/ Product Management Essentials

How Long to Stay?

Recently, the Dude was asked a relatively benign question: "How long should I stay in a Product Management role?" While the person asking it was relatively new in a position and another, more attractive offer was in the works that she wanted to take, it caused him to pause and reflect.

The Clash: Should I stay or Should I go Not to make light of the young lady's concern that leaving too soon (and so early in her Product Management journey) would be a blemish on her record, it does bring to light a serious subject. Just what is an acceptable tenure for a product manager? As Rich Mironov is wont to say, many, if not most product managers use that position as a springboard into a higher career path, be it a senior product management leadership role (Director, VP, et cetera) or into a senior manager or executive position (VP/GM is a pretty good end state for a successful product manager.)

But for those of us who seem to be comfortable in the product manager role, our careers have been a patch work quilt of roles, companies and technologies. In my 20 years, I have had 7 stops along the way, including one longer stretch. The reasons I have left positions are varied, but there are some patterns that emerge when looking at it holistically.

Some points to keep in mind:

  • The average time I have spent in a position is about 3 years. Only once did I leave before the 3 year mark, and only once did I stay much longer. There seems to be something about three years, I suspect that it is when I start a position, there is usually come chaos. Either the role has been empty for a while, or the predecessor was a bumbler who made a hash of things

    Regardless of the cause of that chaos, it seems that to "right the ship" and get processes and relationships into a smooth sailing course takes ... you guessed it ... about three years.

    So, 3 years is about when the job becomes routine, I have been either promoted into a "lead" role, or am the de facto lead of the Product Management team.

  • If a place is truly awful, as in you were sold a bill of goods when you joined, that might be a good reason for a quick exit. This is tough to gage though. Most jobs that I have taken, I have gone into with my eyes open, knowing the warts, and the flaws. If that hasn't come out in the interview process, you need to learn more about how to get to that during the pre-offer dance. This post will help you in the search to uncover some of the pitfalls.

    That said, sometimes, it becomes apparent that you have made a horrible mistake. Perhaps the politics are too toxic (and there are always politics at play), or earlier strategy decisions have hamstrung the business, or there is a personality who you really don't mesh with. Regardless, you will need to make a quicker exit, both to preserve your sanity, and to protect your résumé.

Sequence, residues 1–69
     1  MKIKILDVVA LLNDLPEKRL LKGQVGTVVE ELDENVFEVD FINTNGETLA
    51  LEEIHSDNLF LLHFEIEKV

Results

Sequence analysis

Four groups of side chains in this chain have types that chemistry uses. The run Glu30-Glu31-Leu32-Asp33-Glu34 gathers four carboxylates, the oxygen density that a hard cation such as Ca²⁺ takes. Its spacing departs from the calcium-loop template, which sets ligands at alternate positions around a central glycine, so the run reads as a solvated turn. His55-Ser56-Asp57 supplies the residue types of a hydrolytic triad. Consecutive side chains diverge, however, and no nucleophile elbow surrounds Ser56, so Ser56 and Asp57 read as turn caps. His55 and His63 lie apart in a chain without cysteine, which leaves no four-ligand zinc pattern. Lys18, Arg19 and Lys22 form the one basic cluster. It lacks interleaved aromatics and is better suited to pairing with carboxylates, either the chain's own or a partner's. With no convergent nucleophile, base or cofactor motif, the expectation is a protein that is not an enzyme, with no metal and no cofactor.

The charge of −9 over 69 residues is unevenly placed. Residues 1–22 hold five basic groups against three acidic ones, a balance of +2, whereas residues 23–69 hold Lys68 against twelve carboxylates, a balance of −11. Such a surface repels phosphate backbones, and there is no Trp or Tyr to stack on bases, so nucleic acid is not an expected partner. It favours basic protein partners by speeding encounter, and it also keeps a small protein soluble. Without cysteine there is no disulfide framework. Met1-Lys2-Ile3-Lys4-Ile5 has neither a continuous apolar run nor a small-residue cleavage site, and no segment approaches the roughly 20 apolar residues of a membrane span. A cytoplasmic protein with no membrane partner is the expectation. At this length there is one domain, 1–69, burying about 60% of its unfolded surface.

In this case, my advice is to cut and run. The sooner the better. Ironically, a quick exit is much easier to explain in future interview processes than sticking it out in a bad situation. Having been on the hiring side, I am sympathetic when an applicant tells a tale of dysfunction and no-win scenarios, but less so when they continue to stay without fixing it.

  • Staying too long. This one is a tough one to see from the inside. You have gotten to the end of the third year, and you are comfortable. Either you have created a well oiled machine, or you have slayed the political beast, and are at the top of your game. In a good place, this will get you promoted, either to the Director level, or into another comparable role where you have a chance to spread your wings. Cool.

    But alas, this is a false comfort zone. If you are not finding the next rung on the ladder, or if your boss (and boss' boss) aren't talking to you about a level-up, you have become pigeon holed. Not just that you have found a comfort zone, but the organization has found stability, and is perfectly content with keeping the status quo.

    This is a very bad place to be. It isn't immediately obvious, but it is hurting your résumé, as future employers will wonder why you didn't advance your career during your tenure. Very difficult to shake that perception.

Conclusions

In my case, the magic time is 3 years, while I can make cases for shorter easily, and longer has some pitfalls, three years feels correct to me. Of course, as with all guru guidance, your mileage may vary.

The one piece of advice I will dole out (and did to the young lady who asked) is that if you took a job that was a mistake, bail out as quickly as you can. Nobody will fault you for it, and you will have tales for bench racing sessions later in your career or, for when someone new to the field taps you on the shoulder and asks for advice about career guidance.

Jeffery Lebowski

Jeffery Lebowski

Product Manager for more than 20 years, in a variety of technology companies, from semiconductor equipment, networking, industrial test, enterprise software and nano technology.

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How Long to Stay?
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